Posts tagged with ‘film’
My 2014 48Hours film just got through to the Auckland finals and I realised that I never posted my film from last year! PARALYSIS won Best Cinematography and made it to the Grand Finals by way of being personally picked by Sir Peter Jackson as a wild card entry. Thanks PJ :D
Character: Vic Meyer, insomniac
Dialogue: “Did you hear that?”
Four years ago (to the day tomorrow) we rolled cameras on our first feature film, JAKE. Written and directed by Doug Dillaman and produced by Doug, myself and Anoushka Klaus, this has been a roller-coaster of an experience. JAKE is completely self-funded and to describe its budget as “micro” would be too generous.
Today we printed the final version of the film to tape. Tomorrow it screens at the Academy Cinema to cast and crew plus some media types.
I think the most poignant moment of watching the final version of the movie down in the various sound and picture finishing suites was seeing the number of names in the end credits. None of them were paid a cent. I don’t even really know how to begin expressing how grateful I am to all of them but I will do my best tomorrow at the screening.
I’m extremely tired - this last month has been insane. Film making is hard. Anyone who says otherwise is lying or not doing it right. But we did it. JAKE exists. And we’re not broken. So cheers to my collaborators and cheers to the films that come next!
It has all been worth it. I can’t wait to do it all again.
For updates and lols as JAKE goes out into the public follow http://jakethemovie.tumblr.com
Pre-drinks at the AFTAs
Our entry in the 2011 v48Hours furious film-making competition.
Written, shot and edited in 48 hours.
Jodie Hillock plays Larissa, a tough-as-guts homicide detective who is as straight as an arrow. Less can be said, however, for her partner Victor played by Leighton Cardno.
Set in a futurist present, the pair are sent on a routine enquiry which doesn’t exactly go to plan.
This year the compulsory elements were…
Character: Bobby Young, an ex-bully
Prop: A bent bit of wire
Line: “What have you got?”
Technical element: Freeze frame ending
While I loved our time during principle photography and adored the huge cast and crew that we had, I have to admit it has been pretty fun to get back to our run-and-gun roots.
When my general manager sent out a mass-email inviting all staff to a 3D screening of Thor, I quickly and politely declined. Not my thing.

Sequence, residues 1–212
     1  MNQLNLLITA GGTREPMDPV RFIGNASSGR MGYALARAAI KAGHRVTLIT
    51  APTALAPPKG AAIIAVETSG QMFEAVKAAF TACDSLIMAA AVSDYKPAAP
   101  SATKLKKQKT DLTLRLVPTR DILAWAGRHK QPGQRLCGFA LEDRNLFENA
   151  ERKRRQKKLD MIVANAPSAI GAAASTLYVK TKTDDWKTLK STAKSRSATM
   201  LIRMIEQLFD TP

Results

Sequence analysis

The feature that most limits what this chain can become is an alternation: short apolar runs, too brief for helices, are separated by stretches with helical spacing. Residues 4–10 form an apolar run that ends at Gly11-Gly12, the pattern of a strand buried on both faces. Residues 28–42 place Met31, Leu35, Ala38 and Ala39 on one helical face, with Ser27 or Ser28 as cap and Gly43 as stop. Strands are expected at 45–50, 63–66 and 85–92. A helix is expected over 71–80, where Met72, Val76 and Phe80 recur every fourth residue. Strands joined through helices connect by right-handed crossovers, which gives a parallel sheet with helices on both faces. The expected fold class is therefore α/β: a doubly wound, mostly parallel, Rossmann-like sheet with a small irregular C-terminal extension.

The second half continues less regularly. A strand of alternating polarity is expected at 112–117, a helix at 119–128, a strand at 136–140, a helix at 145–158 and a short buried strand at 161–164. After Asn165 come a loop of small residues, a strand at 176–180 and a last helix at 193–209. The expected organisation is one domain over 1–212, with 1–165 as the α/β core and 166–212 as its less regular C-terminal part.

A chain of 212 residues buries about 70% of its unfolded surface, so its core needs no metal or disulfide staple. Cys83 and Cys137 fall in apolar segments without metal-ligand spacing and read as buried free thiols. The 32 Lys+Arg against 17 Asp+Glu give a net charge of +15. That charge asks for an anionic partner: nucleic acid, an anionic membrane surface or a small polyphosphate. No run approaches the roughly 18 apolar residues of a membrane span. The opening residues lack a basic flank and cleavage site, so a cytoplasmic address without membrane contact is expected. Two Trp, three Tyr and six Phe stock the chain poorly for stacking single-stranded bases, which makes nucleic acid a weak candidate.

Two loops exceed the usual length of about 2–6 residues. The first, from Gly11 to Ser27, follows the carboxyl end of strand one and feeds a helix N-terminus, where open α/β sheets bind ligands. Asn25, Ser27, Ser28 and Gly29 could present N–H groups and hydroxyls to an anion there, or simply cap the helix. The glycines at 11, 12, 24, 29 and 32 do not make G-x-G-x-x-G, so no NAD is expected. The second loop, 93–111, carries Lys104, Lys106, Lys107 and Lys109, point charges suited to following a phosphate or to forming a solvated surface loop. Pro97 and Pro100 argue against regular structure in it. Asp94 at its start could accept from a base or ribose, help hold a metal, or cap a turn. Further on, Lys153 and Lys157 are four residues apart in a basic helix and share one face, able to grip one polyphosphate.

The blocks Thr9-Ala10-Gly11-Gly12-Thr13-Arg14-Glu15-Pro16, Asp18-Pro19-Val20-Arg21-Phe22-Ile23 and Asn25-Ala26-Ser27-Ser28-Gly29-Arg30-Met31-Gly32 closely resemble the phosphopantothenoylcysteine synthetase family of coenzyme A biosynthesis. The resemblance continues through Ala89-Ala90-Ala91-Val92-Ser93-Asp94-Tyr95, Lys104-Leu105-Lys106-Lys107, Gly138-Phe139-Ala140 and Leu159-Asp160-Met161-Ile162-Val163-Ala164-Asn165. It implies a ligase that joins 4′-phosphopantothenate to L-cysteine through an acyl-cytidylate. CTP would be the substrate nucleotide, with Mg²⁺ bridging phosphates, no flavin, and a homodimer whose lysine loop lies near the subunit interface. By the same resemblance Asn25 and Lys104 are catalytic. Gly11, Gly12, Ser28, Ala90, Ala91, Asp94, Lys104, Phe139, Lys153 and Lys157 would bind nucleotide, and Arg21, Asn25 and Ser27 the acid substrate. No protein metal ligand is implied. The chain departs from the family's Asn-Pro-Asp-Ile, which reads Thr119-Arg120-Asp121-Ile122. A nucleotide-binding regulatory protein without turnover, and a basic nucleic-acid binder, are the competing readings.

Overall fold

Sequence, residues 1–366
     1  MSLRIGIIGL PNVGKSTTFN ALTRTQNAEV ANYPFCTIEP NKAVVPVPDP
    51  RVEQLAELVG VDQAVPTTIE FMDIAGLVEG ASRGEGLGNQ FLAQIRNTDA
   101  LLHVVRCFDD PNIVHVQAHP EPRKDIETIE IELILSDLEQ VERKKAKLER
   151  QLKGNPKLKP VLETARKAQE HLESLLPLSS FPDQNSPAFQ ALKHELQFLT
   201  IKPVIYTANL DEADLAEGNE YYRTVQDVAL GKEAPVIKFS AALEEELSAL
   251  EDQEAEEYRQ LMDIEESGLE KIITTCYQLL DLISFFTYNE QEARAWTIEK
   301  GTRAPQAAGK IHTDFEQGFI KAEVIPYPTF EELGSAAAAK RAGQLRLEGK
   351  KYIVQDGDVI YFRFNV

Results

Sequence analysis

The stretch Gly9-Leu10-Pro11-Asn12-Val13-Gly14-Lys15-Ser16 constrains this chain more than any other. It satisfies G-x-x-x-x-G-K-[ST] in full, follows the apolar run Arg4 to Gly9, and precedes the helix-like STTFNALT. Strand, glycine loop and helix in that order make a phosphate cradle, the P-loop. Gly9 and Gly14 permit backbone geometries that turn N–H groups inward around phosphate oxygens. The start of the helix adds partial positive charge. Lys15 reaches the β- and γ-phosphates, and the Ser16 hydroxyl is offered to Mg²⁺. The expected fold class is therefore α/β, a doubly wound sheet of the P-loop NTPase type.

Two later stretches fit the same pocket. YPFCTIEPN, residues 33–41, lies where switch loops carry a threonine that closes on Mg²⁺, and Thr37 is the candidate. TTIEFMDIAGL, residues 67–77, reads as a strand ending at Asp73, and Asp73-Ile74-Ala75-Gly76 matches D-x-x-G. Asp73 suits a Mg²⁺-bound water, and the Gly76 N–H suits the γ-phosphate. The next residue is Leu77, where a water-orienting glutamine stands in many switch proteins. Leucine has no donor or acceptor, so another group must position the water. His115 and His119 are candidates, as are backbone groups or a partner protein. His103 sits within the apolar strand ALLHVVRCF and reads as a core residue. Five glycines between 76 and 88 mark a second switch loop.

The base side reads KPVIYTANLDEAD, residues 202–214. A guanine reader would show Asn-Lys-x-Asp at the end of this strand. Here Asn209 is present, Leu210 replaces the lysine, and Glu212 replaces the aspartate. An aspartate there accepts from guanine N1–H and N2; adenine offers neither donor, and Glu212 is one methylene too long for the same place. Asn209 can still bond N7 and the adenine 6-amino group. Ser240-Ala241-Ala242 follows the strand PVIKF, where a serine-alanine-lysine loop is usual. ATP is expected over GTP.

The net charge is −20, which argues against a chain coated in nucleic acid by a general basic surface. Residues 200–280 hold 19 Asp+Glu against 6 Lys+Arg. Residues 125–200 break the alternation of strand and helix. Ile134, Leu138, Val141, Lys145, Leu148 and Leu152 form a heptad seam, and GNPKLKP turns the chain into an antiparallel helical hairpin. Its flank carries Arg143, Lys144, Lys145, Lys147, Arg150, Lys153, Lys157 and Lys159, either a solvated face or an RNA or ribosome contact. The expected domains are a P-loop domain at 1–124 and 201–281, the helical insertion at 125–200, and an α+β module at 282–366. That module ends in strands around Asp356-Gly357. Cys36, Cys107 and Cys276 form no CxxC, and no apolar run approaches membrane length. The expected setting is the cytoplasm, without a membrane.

Over the next few days leading up to the work-outing, I got given a lot of grief around the coffee machine (our industry’s water cooler) for being a “bit of a movie snob” and for having “weird taste” —- sigh.
"Come on! It’s got a really high rating on IMDb!” I got told, as if that actually meant something. Jokingly, I replied that if the movie was over 90% fresh on RottenTomatoes.com that I would come along.
I immediately pulled out my phone to check…
Huh. 91% fresh. Will you look at that? Snap.
After all that, I wouldn’t say I went into the movie wanting to hate it, exactly - I just knew it wasn’t going to be my thing.
But then a funny thing happened. Sitting there with my 3D glasses, popcorn and frozen coke (because if I’m going to do a popcorn movie, I’m damn-well going to do a popcorn movie) I started cracking up. At first at how bad the dialogue was -
Dammit, Jane! You’re an astrophysicist, not a storm-chaser!
The thing is, I kept laughing, and I get the feeling Thor was laughing with me. The movie, that is, not the god.
This movie knows just how camp it is (very) and it not only doesn’t give a fuck, it basks in it. In a lot of ways, it reminded me of trashy kids action movies from the 80’s. Masters of the Universe is an almost too obvious comparison. It’s a ridiculous premise, but the goofy gags that come from a fish-out-of-water God on Earth are undeniably fun.
To a film-maker or student, there is a lot to dislike. The movie is littered with unmotivated dutch angles for it’s entire duration, and while the production design of Asgard wears the movie’s budget on it’s sleeve, the actual photography throughout is very, very average.
But at the end of all that, it’s the fun that I walked out of the cinema with. I’m really, really glad that my co-workers hassled me into going.
Maybe I should stop being such a movie snob ;)